The Council of EU Chambers of Commerce in India (EU Chambers) organized a Panel Discussion on “Union Budget 2022-23 & its Implications” on Tuesday, 8th February 2022 at 11:00hrs at Convention hall, 4th Floor, Y. B Chavan Centre, Gen. J. Bhosale Marg, Nariman Point Mumbai 400021
Dr. Renu Shome, Director, The Council of EU Chambers of Commerce in India welcomed all the speakers and panelists. She briefly spoke about the Chamber and the services offered by the Chamber.
The audience witnessed a well-articulated Panel discussion by Mr. Robin Banerjee, MD, Caprihans India Ltd, Mr. Nilesh Chitre, CFO & ED, thyssenkrupp Industrial Solutions (India) Pvt. Ltd., Dr. Shubhada Rao, Founder, QuantEco Research, Ms. Rajani Sinha, Chief Economist & National Director Research, Knight Frank (India) Pvt. Ltd. Mr. Sonal Verma, Partner & Global Leader, Market & Strategy, Dhir & Dhir Associates and Mr. Tushar Pradhan, Chief Investment Officer, HSBC Asset Management (India) Pvt. Ltd. The session was moderated by, Mr. Pranay Bhatia International Liaison Partner, Partner & Leader Tax & Regulatory Services BDO in India.
Mr. Niranjan Govindekar, Partner -Tax & Regulatory Services, BDO India spoke about Direct tax with reference to the budget 2022-23. He touched upon key areas like Tax rates, updated tax return policy, scheme for taxation of virtual digital assets; Amendments overruling judicial precedents clarify legislature’s intent, Procedural changes, tax net and Tax incentives to IFSC.
Mr. Kartik Solanki, Partner-Indirect Tax, BDO India spoke about Indirect tax. He mentioned that the current Tax rates initiate a Policy push towards Atma Nirbhar Bharat and Make-in-India. Current GST amendments like Input tax credit, time limit for issuance of credit notes; utilization and transfer of balances in electronic cash ledger, refunds, and filing of returns were explained. Later he also spoke about Customs and various changes in laws and rates.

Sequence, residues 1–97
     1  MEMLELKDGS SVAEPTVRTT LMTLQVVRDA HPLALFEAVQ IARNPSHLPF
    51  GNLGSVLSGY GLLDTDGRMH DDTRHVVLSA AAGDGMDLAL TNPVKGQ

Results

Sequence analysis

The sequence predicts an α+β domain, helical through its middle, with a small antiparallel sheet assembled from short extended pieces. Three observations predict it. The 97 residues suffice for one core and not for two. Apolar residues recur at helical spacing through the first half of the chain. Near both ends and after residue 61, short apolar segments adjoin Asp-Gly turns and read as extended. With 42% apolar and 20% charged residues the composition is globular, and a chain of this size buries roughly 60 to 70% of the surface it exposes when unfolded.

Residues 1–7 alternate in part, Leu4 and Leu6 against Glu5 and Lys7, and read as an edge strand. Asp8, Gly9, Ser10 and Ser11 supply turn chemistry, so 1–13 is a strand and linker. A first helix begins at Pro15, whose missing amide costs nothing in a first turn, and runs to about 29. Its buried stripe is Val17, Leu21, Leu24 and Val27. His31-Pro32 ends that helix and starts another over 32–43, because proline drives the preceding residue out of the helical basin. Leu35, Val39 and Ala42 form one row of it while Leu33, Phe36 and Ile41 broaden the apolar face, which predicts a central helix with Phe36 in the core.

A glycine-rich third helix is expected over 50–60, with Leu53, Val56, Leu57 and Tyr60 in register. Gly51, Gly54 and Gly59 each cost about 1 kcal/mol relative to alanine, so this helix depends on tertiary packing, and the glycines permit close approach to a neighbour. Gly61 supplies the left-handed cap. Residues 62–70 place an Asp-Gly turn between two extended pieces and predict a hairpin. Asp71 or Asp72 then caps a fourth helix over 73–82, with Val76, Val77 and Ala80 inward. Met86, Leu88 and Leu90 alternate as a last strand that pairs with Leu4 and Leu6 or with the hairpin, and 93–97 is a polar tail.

Mr. Robin Banerjee mentioned that massive capital expenditure is positive side of Budget. The budget is a supply push budget and not a demand-pull budget. Essentially a market has 3x to 5x multiplier effect which means if your expenditure is 100 Rupees in a period of 3 to 4 years you get 500 Rupees. On the other side, the rural development budget was around 2,06,000 Crore, that amount is been not increased. First thing in it is MGNREGA; the allocated money is less as compared to last year. The allocated money is less because there will be trickle-down effect from the capital expenditure.